Sloppy signatures on mail-in ballots might prove to be the hanging chads of the 2012 election.

As Republicans and Democrats raise alarms about potential voter fraud and voter suppression, mail-in ballots have boomed as an uncontroversial form of convenient, inexpensive voting.

In the critical swing states of Ohio and Florida, more than a fifth of voters chose the mail-in option 2010. In Colorado, another battleground, the number was nearly two-thirds.

But there may be controversy to come. For a variety of reasons, mail-in ballots are much more likely to be rejected than conventional, in-person votes.

With the razor-close presidential election Tuesday between President Barack Obama and Republican challenger Mitt Romney potentially riding on a few tens of thousands of votes in a handful of states, the election could be decided by election officials’ judgments about mail-in ballot signatures.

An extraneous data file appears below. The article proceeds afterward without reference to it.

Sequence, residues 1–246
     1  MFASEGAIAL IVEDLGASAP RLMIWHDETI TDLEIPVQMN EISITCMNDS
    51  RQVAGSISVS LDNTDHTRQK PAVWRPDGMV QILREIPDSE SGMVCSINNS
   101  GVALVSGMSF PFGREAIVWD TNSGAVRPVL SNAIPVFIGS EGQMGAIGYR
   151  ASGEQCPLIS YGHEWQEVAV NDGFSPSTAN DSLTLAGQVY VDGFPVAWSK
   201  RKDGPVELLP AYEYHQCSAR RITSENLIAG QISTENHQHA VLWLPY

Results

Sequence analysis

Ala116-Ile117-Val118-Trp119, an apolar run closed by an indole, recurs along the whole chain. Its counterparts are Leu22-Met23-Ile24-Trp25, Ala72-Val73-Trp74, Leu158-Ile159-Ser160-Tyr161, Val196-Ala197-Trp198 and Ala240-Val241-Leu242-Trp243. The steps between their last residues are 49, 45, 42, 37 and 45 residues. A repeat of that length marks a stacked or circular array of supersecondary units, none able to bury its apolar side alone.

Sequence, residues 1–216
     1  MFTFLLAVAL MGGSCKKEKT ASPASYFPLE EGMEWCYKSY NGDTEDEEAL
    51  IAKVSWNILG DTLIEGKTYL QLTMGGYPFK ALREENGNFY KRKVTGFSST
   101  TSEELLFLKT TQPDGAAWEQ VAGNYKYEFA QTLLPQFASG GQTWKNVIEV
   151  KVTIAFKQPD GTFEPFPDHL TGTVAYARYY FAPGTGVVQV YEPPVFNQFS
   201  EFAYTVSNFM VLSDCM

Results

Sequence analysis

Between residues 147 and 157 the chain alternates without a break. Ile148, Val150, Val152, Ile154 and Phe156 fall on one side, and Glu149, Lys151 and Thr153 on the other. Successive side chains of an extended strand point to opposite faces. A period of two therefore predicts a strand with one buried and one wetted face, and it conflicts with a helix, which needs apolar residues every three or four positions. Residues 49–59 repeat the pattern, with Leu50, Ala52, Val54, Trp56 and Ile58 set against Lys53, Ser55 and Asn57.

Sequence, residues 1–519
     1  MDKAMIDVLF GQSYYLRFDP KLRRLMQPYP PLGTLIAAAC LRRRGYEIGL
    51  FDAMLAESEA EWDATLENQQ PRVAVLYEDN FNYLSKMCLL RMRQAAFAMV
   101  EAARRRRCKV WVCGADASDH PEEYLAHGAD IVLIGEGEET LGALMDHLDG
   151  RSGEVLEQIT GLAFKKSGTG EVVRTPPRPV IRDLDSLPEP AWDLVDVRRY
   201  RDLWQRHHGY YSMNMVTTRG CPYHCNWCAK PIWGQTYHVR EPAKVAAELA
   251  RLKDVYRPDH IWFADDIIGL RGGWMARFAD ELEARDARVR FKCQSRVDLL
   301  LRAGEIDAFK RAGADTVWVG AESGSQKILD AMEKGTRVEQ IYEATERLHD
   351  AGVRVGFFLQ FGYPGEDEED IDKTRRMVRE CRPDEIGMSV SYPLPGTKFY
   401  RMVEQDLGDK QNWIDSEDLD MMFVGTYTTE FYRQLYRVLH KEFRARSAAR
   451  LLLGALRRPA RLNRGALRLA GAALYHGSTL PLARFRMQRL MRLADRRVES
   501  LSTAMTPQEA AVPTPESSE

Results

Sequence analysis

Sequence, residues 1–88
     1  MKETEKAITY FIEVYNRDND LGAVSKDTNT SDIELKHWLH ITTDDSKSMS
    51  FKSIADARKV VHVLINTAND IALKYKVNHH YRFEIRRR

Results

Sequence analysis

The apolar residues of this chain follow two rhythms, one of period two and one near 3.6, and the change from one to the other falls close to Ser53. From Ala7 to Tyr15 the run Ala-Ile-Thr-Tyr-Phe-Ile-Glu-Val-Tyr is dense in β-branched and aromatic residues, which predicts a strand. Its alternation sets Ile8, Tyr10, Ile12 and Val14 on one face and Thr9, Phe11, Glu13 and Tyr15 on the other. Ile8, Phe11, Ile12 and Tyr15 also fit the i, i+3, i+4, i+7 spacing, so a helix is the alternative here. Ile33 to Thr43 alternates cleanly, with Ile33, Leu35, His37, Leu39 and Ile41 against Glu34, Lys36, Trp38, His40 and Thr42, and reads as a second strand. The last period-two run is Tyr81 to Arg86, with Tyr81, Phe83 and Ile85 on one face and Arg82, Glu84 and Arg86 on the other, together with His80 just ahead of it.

“You would worry that in Florida, in particular, the new hanging chad becomes whether you count this absentee ballot or not based on whether the signature is right,” said Charles Stewart III, co-director of the Voting Technology Project and a Massachusetts Institute of Technology professor.

Continue reading →